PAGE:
Jardiance (empagliflozin), a new type 2 diabetes drug, has been granted approval by the U.S. Food and Drug Administration (FDA). The medication can be used alone or added to existing treatment regimens to control blood sugar levels.
Jardiance, made by Boehringer Ingelheim, is in a class of drugs called sodium glucose co-transporter 2 (SGLT2) inhibitors. These drugs work by stopping blood sugar from becoming reabsorbed by the kidneys. Thus, more glucose is excreted by the kidneys, which lowers blood sugar levels. Other SGLT2 drugs include Invokana (canagliflozin) and Farxiga (dapagliflozin).
The FDA approved Jardiance based on a review of seven clinical trials involving nearly 4,500 people with type 2 diabetes. The agency’s approval requires the drug maker to conduct post-marketing studies for any potential cardiovascular risks, as well as safety and effectiveness on children with type 2 diabetes.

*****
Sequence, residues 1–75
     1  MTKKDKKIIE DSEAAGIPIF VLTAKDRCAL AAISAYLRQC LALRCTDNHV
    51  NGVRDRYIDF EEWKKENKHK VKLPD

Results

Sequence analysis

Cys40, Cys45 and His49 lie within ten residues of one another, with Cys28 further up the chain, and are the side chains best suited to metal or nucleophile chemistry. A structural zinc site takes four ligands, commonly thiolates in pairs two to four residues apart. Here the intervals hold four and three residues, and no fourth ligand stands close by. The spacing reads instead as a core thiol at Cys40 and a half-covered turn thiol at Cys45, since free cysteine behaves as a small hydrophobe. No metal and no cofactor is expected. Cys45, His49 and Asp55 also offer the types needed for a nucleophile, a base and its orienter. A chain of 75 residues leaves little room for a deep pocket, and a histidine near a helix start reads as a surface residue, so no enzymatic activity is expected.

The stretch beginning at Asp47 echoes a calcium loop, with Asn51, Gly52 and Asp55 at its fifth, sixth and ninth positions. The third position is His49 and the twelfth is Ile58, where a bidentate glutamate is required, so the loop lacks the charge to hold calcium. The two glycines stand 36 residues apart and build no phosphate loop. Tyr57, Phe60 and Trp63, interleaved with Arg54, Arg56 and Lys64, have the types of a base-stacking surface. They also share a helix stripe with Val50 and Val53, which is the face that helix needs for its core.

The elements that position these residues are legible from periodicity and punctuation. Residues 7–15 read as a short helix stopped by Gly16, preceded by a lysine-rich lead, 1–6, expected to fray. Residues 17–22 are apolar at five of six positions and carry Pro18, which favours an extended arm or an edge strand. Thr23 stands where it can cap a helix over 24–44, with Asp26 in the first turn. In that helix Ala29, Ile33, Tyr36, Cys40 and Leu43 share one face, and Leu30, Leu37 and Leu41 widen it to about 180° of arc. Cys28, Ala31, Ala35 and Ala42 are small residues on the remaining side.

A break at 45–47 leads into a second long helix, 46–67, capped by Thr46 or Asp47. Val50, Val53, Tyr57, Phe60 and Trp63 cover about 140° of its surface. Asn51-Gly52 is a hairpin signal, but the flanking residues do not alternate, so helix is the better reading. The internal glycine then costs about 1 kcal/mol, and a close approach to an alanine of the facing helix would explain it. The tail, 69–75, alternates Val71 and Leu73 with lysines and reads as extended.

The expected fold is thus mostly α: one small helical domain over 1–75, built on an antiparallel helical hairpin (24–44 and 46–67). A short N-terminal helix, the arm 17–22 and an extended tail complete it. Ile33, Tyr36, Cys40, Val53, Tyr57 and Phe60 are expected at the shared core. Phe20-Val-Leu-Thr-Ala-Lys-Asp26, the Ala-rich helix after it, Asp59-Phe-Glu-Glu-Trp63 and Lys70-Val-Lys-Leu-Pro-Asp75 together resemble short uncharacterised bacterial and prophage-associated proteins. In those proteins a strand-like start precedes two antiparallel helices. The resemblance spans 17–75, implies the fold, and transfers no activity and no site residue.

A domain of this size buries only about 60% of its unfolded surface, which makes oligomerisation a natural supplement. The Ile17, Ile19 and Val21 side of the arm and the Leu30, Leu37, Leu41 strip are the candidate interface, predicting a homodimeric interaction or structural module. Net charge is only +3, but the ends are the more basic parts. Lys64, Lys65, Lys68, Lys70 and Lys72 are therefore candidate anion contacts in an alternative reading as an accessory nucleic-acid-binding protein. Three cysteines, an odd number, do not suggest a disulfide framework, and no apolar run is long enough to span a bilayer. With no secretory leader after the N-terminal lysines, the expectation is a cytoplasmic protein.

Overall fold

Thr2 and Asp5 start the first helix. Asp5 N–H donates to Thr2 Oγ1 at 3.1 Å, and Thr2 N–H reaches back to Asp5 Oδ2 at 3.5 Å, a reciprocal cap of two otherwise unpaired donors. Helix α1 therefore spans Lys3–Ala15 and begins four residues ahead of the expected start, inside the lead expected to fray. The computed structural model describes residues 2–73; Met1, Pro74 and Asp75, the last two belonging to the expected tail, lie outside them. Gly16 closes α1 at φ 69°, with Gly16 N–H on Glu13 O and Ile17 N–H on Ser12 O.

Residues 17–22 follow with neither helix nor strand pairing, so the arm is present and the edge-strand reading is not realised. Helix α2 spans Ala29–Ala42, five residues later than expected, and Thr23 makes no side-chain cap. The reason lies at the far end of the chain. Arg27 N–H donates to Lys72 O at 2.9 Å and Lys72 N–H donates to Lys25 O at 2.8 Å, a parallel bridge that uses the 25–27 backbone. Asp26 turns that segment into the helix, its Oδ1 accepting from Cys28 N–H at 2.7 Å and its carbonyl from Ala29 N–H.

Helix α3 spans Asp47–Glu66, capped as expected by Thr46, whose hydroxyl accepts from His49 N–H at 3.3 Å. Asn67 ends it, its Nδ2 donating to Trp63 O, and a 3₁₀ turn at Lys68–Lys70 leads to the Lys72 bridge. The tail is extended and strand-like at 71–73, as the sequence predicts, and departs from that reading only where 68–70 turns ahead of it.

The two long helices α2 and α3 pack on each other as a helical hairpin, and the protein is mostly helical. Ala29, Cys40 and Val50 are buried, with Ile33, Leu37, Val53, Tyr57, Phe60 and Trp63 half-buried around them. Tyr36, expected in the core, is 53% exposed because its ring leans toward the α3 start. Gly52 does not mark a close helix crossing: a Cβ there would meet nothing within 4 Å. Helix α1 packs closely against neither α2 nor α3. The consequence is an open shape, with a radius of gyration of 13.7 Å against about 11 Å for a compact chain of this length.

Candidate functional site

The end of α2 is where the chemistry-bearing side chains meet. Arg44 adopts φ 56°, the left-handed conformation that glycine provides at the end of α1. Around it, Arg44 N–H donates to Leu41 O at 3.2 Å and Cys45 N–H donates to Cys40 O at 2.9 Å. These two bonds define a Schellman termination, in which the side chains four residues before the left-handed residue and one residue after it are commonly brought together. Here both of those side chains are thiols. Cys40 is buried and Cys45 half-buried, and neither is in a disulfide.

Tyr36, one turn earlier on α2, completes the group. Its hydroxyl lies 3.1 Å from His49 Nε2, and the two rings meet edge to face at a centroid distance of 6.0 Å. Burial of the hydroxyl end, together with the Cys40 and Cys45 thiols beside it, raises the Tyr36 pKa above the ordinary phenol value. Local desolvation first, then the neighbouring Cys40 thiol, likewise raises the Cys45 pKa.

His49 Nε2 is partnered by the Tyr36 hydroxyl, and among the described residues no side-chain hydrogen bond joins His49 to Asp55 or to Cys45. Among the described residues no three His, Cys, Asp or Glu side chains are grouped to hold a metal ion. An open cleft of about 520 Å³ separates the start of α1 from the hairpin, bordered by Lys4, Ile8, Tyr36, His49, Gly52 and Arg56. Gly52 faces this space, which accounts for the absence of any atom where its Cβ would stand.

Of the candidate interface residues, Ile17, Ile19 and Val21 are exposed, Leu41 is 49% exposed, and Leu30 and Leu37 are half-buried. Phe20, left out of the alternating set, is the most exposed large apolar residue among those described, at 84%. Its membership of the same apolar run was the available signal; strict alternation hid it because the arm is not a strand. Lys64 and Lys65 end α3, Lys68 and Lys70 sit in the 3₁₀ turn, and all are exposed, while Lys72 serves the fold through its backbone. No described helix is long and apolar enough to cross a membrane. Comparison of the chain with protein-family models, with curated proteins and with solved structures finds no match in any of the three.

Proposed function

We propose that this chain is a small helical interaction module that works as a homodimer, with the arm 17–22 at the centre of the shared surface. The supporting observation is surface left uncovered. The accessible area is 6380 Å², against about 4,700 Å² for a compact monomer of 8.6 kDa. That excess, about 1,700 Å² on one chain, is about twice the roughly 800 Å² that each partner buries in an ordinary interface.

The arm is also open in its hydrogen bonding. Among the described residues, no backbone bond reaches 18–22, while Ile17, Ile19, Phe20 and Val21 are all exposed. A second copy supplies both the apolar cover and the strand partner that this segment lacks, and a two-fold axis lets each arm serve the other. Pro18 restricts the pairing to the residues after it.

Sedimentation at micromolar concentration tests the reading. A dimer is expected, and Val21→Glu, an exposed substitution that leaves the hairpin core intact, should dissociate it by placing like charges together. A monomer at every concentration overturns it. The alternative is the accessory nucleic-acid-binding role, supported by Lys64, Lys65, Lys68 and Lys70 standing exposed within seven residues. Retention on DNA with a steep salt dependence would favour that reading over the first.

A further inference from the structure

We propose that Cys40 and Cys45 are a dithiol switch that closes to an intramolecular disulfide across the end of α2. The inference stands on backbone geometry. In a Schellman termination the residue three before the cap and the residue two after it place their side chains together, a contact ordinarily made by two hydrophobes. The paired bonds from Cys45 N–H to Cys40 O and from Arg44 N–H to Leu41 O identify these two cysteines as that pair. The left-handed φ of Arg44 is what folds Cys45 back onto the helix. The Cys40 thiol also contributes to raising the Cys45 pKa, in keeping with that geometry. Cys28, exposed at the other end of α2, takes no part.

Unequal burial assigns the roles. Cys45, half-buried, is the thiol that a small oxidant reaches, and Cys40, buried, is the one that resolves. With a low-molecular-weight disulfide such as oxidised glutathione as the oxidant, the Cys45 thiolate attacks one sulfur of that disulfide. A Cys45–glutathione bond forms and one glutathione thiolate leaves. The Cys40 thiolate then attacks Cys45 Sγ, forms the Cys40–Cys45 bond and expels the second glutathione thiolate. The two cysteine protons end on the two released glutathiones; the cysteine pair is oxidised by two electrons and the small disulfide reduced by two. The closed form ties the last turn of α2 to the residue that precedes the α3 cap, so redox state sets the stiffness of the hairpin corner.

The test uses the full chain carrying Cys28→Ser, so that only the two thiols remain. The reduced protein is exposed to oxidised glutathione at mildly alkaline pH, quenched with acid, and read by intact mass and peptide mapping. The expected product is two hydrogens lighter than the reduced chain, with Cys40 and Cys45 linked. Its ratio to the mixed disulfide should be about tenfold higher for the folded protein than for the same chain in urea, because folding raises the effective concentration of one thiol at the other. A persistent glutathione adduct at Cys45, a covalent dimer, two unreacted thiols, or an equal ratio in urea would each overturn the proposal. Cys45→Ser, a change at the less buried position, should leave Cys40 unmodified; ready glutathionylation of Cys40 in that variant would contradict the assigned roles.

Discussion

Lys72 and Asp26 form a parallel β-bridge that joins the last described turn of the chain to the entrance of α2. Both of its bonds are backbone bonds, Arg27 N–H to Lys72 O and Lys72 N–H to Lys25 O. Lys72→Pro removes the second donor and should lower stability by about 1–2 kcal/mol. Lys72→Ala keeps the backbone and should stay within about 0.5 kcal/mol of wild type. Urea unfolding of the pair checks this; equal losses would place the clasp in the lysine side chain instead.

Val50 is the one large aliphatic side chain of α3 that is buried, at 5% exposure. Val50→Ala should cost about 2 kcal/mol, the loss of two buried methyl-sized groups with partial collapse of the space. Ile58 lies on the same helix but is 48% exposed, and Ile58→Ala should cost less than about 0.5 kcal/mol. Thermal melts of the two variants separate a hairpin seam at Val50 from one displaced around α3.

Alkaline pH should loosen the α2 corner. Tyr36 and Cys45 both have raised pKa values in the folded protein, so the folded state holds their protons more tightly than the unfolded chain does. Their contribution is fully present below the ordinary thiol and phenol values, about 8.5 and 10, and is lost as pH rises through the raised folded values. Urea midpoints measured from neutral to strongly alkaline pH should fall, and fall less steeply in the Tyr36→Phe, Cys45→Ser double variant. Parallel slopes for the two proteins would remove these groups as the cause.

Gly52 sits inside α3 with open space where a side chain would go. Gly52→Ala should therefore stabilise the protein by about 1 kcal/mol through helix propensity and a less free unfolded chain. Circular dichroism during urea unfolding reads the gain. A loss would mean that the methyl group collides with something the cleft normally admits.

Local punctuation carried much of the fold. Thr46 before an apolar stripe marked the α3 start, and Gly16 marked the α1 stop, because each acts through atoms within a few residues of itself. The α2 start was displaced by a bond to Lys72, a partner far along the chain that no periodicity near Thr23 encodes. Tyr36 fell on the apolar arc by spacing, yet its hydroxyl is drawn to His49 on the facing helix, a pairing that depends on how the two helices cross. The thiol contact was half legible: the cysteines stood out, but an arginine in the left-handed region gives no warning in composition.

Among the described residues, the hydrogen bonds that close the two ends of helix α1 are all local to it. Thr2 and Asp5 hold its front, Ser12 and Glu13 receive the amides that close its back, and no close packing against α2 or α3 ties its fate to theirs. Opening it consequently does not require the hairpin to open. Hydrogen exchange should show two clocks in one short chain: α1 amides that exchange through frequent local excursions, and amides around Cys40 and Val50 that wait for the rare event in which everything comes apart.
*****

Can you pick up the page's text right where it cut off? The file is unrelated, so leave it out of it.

The most common side effects with Jardiance are urinary tract infections and female genital infections. It can also impair kidney function. Some experts have raised questions about potential bladder cancer risks.
Many type 2 diabetes treatments have been linked to cancer. Studies have linked Actos to bladder cancer, and Januvia and Byetta have been associated with acute pancreatitis and pancreatic cancer.
In March, the FDA refused to approve Jardiance until Boehringer Ingelheim fixed deficiencies at one of its manufacturing plants. Last month, the drug won approval for marketing in the European Union.
Source: US News and World Report